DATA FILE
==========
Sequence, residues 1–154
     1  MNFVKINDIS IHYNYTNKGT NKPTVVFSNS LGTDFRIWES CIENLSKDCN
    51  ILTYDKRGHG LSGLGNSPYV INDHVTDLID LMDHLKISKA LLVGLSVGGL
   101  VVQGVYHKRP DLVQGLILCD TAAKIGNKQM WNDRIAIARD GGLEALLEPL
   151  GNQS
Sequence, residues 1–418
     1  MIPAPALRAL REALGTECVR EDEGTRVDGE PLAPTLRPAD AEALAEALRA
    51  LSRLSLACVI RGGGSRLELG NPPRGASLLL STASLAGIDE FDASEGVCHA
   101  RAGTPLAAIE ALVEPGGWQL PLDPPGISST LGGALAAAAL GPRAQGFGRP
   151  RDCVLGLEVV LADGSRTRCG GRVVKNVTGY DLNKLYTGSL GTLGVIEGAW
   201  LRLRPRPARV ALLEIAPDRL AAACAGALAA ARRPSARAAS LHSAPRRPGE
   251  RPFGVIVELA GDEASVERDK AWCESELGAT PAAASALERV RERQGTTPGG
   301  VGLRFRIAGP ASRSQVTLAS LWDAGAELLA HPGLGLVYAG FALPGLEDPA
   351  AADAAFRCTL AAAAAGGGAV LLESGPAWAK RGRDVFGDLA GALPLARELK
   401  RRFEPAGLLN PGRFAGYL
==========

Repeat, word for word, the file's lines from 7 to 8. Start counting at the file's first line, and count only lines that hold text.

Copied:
     1  MIPAPALRAL REALGTECVR EDEGTRVDGE PLAPTLRPAD AEALAEALRA
    51  LSRLSLACVI RGGGSRLELG NPPRGASLLL STASLAGIDE FDASEGVCHA